The Ligature, a full-service printing company based in Los Angeles, announced today that it has opened a sales office in Chicago, and hired printing veteran Sharon Valasek to manage the growing demand for printing and engraving services in that region. The opening of the new office comes on the heels of The Ligature landing the printing of William Morris Endeavor Entertainment’s roll-out of its new brand identity.

Leaders in the quick and small commercial print industry will gather October 29-31 in Austin, TX, for the NAQP Owners Conference. Conference co-chairs Maco Amoyo, Bullet Graphics, Dallas, Jim Ferguson, J&J Printing, Lenexa, KS and Reece Keener, Print ‘N Copy Center, Inc. Elko, NV, along with NAQP staff, have created a dynamic program designed for printing companies determined to become and remain market leaders.

David Carr is now vice president of the Printing Industries Association, serving Northern Kentucky and Ohio (PIANKO). Carr was recently brought on board to head up the association's efforts to grow membership and to serve and assist existing members. Carr's sales experience spans more than 20 years and his experience in the graphic communications and printing industry goes back 16 years, ranging from prepress to production and post-production. Robert Romero, operations manager at Paragon Printing & Mailing in Austin, TX, has been named this year's "greatest" in sheetfed offset press operations and problem solving by the Graphic Arts Technical Foundation (GATF). Romero won the GATF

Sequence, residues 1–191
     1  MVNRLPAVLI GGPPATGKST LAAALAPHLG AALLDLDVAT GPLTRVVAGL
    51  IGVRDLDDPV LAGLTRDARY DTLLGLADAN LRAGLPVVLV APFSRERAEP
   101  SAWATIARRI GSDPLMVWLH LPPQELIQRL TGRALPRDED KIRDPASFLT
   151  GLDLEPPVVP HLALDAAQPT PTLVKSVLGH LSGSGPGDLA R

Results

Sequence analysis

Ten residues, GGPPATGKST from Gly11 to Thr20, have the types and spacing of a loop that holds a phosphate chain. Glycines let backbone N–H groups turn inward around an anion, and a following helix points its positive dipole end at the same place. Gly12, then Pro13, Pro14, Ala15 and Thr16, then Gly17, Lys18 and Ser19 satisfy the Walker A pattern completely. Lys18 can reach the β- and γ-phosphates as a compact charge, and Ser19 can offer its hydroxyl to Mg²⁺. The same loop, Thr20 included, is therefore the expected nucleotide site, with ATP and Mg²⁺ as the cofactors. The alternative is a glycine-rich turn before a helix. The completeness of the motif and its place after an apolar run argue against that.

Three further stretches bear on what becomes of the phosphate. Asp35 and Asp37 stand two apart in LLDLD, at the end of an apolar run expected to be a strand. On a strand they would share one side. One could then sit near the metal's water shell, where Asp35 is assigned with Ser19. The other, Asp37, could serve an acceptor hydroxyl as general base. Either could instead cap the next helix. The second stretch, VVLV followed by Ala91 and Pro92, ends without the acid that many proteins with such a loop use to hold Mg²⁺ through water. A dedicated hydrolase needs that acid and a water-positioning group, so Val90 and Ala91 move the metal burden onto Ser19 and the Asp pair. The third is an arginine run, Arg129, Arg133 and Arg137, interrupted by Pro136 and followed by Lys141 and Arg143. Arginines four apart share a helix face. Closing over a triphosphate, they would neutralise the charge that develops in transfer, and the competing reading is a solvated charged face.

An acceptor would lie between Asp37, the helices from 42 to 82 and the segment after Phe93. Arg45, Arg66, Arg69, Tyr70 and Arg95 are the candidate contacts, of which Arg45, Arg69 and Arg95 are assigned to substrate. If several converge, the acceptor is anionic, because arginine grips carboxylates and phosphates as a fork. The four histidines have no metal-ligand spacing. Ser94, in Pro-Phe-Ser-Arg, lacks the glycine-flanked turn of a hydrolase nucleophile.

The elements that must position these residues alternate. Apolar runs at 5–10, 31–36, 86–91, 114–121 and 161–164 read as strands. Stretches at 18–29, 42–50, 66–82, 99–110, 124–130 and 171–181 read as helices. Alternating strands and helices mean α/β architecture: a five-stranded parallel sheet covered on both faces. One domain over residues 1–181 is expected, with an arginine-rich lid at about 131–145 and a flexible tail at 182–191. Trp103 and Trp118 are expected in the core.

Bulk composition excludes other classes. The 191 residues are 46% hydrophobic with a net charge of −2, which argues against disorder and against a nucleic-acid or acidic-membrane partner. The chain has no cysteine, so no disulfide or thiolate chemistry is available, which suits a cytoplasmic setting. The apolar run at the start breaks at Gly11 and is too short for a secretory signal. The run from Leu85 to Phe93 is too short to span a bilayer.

CANTON, OH—More than 350 jobs and over 50 years of printing tradition were scheduled to disappear February 15 with the closing of Danner Press, located here. Workers were gathered in a warehouse January 22 and told that unless Hess Management, which owns the company, could find a potential buyer, it would close its doors. The lackluster publishing industry and the U.S. economic downturn were cited as reasons behind the move. Hess Management, based in Austin, TX, also owns The Press of Ohio in nearby Brimfield, OH, and a pair of D.B. Hess print production facilities in Illinois. None of these facilities is expected to close. According to

AUSTIN, TX—The loss of a major account and the emergence of print media alternatives proved to be too great a burden for Hart Graphics. In late February, the 89-year-old printing company announced it was closing its doors forever by the end of April. The end of the line for Hart Graphics, which failed in its attempts to locate a buyer, spells the loss of 225 jobs. The company said it was in the process of finding as many jobs as possible for its employees. "The decision had been a long time coming," Rich Barbee, president of Hart Graphics, told the Austin American-Statesman. "It has to do

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